having looked over all of the single use plastic that i typically use, i found that i do pretty well with grocery shopping but could do better. i’m particularly worried about those products that form a major part of my diet that i cannot buy without packaging, like tofu
where do we use single use plastic in the kitchen?
because we hardly ever eat packaged food at my house, we avoid one of the major sources of single use plastic. eating vegetarian also helps. but what about other single use packaging, like produce bags?
about a year ago, we also made the switch to reusable, cotton mesh bags which we use to buy produce. at first, i was a bit skeptical about how these bags would work; but it turns out that i like them much better than the thin plastic bags in the produce section. for one, they are easier to open! the real benefit, however, is that because they breathe, one can keep produce in these bags in the fridge without all of the fruits and vegetables getting slimy. it does take a bit of advance planning to have these bags at hand, though. for this reason, it’s a good idea to have a couple of these bags in a coat pocket or backpack to allow opportunistic produce shopping of the “now that i’m walking past the store i remember i need” variety
looking in our fridge and around the kitchen, it turns out that our single use plastic includes salad greens packaged in plastic boxes, grains in plastic packaging, yogurt containers, and lots of plastic tofu containers. the first three are not so difficult to deal with: if i am organized enough, i can buy salad greens at a greengrocer who sells them in bulk or just buy whole heads of lettuce. it might take some searching about, but most of the grains we use are also available in bulk here and there. and yogurt–well, i can reuse the container or make my own
but soy products, that’s a problem
did i mention that i cook vegetarian food at home? that means lots of tofu, tempeh, and other soy products. stanley got it into his mind to make our own soy milk. it is a fun, but a bit labor intensive process, and i’m not sure that we do it regularly enough to keep up. and although we have a tofu press my thought on making my own tofu has been
you gotta be kidding
really. to make enough tofu for a week, we would need to make lots of soy milk and have a much larger tofu press than the one cube of tofu one that showed up in a package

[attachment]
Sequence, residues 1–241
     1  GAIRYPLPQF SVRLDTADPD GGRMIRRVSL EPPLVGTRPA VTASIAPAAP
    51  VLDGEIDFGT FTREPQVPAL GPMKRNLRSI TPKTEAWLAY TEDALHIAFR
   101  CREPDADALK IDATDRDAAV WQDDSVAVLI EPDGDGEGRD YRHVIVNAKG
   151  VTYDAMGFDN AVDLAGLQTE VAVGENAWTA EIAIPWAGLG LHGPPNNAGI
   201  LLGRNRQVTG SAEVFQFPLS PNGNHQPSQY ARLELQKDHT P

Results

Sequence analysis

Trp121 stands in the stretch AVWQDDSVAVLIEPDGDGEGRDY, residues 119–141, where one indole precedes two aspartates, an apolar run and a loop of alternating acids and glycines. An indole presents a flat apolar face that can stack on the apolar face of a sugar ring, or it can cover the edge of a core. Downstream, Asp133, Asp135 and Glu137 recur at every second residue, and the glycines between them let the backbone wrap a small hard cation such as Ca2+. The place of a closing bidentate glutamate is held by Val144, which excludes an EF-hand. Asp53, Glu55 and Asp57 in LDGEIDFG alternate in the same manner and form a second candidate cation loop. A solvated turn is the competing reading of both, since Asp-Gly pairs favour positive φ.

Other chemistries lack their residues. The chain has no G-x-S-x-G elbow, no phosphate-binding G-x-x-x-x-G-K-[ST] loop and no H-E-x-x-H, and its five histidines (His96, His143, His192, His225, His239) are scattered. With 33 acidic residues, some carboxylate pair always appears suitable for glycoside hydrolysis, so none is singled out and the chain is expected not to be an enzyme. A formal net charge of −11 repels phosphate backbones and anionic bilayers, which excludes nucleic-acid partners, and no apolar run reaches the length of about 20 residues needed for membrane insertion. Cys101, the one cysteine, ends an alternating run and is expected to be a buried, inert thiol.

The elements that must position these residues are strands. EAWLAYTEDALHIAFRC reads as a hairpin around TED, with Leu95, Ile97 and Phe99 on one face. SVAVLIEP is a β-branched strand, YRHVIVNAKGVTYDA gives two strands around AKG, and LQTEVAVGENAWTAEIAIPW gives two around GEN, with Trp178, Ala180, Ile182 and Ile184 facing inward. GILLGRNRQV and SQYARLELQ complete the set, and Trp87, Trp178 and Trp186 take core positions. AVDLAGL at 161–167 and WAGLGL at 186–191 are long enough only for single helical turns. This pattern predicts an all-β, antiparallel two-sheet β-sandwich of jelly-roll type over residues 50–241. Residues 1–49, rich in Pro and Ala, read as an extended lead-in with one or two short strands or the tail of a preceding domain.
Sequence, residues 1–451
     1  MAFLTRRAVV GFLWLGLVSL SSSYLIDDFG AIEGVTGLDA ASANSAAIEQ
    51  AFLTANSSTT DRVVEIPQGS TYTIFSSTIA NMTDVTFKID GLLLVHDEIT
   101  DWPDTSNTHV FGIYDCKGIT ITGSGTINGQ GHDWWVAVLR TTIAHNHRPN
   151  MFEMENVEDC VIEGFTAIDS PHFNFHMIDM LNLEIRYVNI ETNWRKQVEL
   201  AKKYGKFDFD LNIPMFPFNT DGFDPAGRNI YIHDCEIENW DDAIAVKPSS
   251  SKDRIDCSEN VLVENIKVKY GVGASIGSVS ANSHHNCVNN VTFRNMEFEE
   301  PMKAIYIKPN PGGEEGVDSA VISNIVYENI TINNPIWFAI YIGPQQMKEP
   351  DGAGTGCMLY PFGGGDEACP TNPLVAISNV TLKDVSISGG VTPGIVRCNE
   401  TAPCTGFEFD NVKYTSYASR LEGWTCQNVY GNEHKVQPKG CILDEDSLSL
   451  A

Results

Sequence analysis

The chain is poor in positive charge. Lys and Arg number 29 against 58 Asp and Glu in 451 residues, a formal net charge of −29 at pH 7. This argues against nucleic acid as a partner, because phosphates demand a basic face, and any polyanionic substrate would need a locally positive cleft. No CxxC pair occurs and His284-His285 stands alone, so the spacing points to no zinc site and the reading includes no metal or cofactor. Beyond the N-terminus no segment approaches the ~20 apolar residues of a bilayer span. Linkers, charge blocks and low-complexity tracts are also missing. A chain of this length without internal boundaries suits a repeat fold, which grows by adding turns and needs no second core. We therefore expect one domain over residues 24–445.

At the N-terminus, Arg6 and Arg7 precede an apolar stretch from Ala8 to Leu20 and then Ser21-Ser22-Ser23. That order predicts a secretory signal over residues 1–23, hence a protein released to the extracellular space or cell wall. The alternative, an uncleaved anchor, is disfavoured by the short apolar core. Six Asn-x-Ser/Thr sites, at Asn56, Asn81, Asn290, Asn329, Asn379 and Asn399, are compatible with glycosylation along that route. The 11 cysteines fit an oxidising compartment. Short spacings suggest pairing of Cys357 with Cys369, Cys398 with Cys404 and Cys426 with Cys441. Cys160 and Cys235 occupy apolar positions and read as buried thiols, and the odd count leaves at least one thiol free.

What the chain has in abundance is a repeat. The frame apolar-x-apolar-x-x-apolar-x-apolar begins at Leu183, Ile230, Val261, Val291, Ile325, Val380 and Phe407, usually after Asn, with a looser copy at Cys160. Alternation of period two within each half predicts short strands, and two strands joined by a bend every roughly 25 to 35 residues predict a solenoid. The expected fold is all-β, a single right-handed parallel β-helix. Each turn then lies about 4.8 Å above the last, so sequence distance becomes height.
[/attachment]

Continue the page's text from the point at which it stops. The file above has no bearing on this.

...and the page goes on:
cute, but not going to feed me for a week
so that leaves me with a question: if i want to remove one of the major sources of single use plastic, how can i keep from buying packaged tempeh and tofu?
with this in mind, i tracked down a local tofu factory–yes, there is one not that far from me, in east cambridge, called chang shing tofu. it is open on saturdays, so it was worth a trip. i thought that if i showed up with my own containers, i could probably buy tofu directly from the factory without the packaging
we drove to a side street in east cambridge and looked for an entrance to the factory. at first, not sure where to go in the building, i entered a bit cautiously. adding to my confusion, an alarm went off when i entered. soon a man who worked at the factory showed me the factory’s offerings–a wide variety of tou hua (soy puddings), tofu of different firmnesses, tou kan (pressed, dried tofu), and other soy products. there was only one catch: the items for sale were all packaged in plastic
stanley tried to ask whether we could buy the tofu using our own containers, but the man working the side door retail only wanted to know how many of each packaged item we wanted. it looked like good tofu, so we bought three large packages of tofu, two packages of tou kan, and one tub of tou hua
i felt defeated when we took our soy products to the car, even more so when i cut open the packages to prepare a large batch of baked tofu to eat during the week. i’m not sure why i had the fantasy of a place where i could buy freshly made tofu using my own containers. i’d still like to find such a place if there is one. otherwise, my fast from single use plastic would also remove one of my main sources of protein
on another note, as i left chang shing tofu, i noticed a sign next to large tubs of okara: “no plastic bags for okara.” does that mean that chang shing sells the okara to people who have containers to take it away? if so, i might have a source for making tempeh at home…
anyway, not finding a source for soy products sans plastic has been a real setback. i’m wondering how the fast will go. counting down, there are only 10 more days to ash wednesday